NSNA represents nursing students at all levels. The association offers mentorship opportunities, professional development resources, and nursing leadership tools. In particular, NSNA mentors students preparing for RN licensure. Members can use the career center to access NCLEX-RN resources, online education tools, and student resource guides.
This honor society for nurses was founded in 1922, and today it connects developing nurse leaders. The organization promotes nursing scholarship, encourages networking connections, and offers resources for nurse leaders. BSN and graduate nursing students who meet academic requirements can join Sigma. The organization hosts chapters at over 700 colleges and universities around the world.
NCEMNA is a coalition of five national nurse associations, including the National Black Nurses Association and the National Association of Hispanic Nurses, that work together to advocate for nurses of color. The coalition produces white papers on nurses of color, creates training and research programs, and hosts nursing workshops. NCEMNA also endorses best practices for nurses and nursing education.
Accreditation for RN Programs
Nursing students should only attend accredited schools. Schools with accreditation meet high standards for educating students and follow the best practices for training nurses. Attending an unaccredited program affects job prospects and may even affect the RN licensing process, as graduates with unaccredited degrees may not qualify for licensure.
It's best to look for nursing programs accredited by the Accreditation Commission for Education in Nursing or the Commission on Collegiate Nursing Education. You can learn more about accreditation by checking out our accreditation guide.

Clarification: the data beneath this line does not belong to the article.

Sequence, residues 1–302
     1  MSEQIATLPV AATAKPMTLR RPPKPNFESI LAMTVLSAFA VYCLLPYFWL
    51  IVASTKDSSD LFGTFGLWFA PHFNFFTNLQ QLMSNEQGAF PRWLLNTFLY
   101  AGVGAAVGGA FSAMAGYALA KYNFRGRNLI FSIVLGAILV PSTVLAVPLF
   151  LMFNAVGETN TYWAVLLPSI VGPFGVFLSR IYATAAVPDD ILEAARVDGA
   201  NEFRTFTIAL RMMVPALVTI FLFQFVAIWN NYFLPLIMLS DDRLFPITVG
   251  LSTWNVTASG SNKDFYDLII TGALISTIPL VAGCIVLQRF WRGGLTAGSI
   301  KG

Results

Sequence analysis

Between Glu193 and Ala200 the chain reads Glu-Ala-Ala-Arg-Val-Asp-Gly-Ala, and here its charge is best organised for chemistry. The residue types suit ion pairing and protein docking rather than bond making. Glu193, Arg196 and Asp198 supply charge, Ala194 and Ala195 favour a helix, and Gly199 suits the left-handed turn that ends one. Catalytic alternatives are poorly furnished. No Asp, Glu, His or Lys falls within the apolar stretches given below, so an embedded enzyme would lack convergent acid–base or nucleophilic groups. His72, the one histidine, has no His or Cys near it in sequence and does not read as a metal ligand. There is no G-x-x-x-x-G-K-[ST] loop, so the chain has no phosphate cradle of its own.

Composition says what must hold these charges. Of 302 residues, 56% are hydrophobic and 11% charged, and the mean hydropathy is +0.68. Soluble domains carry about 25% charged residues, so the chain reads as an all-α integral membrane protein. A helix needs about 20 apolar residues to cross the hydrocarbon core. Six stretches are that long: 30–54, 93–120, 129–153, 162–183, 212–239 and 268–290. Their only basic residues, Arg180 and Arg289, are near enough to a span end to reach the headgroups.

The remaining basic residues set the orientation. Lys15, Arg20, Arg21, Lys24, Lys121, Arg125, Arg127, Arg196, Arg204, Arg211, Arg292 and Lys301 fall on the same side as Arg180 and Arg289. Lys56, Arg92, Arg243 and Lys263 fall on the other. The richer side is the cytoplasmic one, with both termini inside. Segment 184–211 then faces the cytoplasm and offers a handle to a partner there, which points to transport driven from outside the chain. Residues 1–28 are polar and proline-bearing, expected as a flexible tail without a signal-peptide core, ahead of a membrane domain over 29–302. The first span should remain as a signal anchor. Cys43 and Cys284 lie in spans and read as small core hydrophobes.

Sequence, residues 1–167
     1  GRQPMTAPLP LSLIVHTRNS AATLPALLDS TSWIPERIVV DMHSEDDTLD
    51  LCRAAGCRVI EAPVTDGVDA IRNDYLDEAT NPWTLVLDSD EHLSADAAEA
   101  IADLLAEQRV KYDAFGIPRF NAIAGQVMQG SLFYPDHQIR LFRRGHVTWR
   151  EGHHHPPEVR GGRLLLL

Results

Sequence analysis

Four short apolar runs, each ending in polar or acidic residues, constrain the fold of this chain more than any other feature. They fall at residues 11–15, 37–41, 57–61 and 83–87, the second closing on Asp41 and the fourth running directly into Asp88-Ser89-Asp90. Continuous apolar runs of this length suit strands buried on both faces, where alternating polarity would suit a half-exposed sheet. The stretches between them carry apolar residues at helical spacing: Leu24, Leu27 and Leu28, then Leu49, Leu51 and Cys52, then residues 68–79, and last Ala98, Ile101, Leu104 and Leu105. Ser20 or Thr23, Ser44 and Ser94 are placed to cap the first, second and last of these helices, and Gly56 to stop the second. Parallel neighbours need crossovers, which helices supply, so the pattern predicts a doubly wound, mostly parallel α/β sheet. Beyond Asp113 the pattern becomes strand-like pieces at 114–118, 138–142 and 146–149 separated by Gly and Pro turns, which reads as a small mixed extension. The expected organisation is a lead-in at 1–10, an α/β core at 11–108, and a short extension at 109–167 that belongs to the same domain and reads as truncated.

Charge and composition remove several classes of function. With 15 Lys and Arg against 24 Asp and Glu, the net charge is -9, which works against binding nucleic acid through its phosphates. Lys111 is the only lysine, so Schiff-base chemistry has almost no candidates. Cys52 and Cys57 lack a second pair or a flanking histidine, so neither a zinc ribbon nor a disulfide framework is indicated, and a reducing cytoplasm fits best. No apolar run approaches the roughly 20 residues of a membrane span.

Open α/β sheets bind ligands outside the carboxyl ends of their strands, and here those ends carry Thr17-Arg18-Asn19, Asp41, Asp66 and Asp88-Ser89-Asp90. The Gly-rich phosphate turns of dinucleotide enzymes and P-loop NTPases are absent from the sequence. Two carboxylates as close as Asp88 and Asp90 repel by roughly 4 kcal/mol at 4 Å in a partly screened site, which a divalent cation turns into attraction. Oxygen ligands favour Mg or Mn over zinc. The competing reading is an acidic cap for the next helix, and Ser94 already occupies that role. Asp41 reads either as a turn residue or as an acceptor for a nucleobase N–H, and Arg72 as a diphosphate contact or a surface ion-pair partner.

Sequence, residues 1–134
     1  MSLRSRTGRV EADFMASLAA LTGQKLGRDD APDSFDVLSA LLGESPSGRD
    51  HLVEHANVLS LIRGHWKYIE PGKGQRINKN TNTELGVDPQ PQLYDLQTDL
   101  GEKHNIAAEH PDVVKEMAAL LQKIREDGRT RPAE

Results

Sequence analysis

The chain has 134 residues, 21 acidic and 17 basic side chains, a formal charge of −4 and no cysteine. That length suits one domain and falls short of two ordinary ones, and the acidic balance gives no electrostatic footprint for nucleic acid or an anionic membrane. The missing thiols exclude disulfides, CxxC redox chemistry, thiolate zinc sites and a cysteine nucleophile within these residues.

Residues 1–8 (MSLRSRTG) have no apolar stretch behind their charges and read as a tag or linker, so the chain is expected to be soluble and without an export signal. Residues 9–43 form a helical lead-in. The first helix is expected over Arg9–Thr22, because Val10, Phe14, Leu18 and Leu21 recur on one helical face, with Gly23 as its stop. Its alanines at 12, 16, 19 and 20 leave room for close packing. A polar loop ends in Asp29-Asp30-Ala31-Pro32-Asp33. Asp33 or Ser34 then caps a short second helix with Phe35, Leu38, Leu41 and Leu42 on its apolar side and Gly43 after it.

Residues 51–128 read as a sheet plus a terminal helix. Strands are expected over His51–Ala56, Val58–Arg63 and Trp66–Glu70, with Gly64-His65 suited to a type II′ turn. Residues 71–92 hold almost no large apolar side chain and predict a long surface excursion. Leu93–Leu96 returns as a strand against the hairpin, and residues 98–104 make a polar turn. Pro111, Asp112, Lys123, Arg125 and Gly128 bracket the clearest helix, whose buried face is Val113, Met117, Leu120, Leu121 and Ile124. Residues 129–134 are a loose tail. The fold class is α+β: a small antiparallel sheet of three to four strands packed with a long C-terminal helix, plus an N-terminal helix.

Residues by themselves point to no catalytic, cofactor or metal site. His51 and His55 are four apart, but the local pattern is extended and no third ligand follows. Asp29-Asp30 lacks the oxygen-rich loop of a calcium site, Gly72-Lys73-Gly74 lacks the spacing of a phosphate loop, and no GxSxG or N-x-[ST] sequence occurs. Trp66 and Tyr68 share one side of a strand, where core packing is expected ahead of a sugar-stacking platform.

Frequently Asked Questions
Nurses can earn the basic diploma or degree required to become an RN in about two years. After completing their program, each nurse takes the NCLEX-RN exam and applies for an RN license.
RNs care for patients and assist physicians directly, while LPNs typically offer basic medical care under the supervision of an RN or doctor.
Yes. Many nursing programs offer online nursing degrees, and some offer online nursing diplomas that can set you on the path to becoming a licensed RN. Distance learners take classes online and complete clinical hours in their local areas.
Yes. Nurses with ADNs or diplomas can work in hospitals. However, some hospitals prefer to hire nurses with BSNs.
It generally takes two years to earn an associate degree or nursing diploma online. Nurses with BSNs typically spend four years earning their degrees.
According to PayScale, RNs earn an average salary of around $30 an hour. Entry-level RNs make just under $27 per hour, while early-career nurses with 1-4 years of experience earn around $28.50 per hour. Exact pay rates vary by location and specialty.
RNs conduct health assessments, coordinate patient care with other healthcare professionals, and educate patients about health and wellness. They also administer treatments and medicines.
Header Image Credit: SDI Productions | Getty Images